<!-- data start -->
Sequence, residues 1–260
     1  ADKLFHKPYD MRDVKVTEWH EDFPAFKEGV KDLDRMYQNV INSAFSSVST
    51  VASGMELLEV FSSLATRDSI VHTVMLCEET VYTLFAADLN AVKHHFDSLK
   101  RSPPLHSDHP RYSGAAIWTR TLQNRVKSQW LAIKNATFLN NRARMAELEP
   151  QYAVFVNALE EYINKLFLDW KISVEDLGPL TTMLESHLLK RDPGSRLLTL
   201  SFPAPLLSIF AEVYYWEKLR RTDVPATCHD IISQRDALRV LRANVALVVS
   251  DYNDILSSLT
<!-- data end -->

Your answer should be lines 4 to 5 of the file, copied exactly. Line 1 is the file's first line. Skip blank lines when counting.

   101  RSPPLHSDHP RYSGAAIWTR TLQNRVKSQW LAIKNATFLN NRARMAELEP
   151  QYAVFVNALE EYINKLFLDW KISVEDLGPL TTMLESHLLK RDPGSRLLTL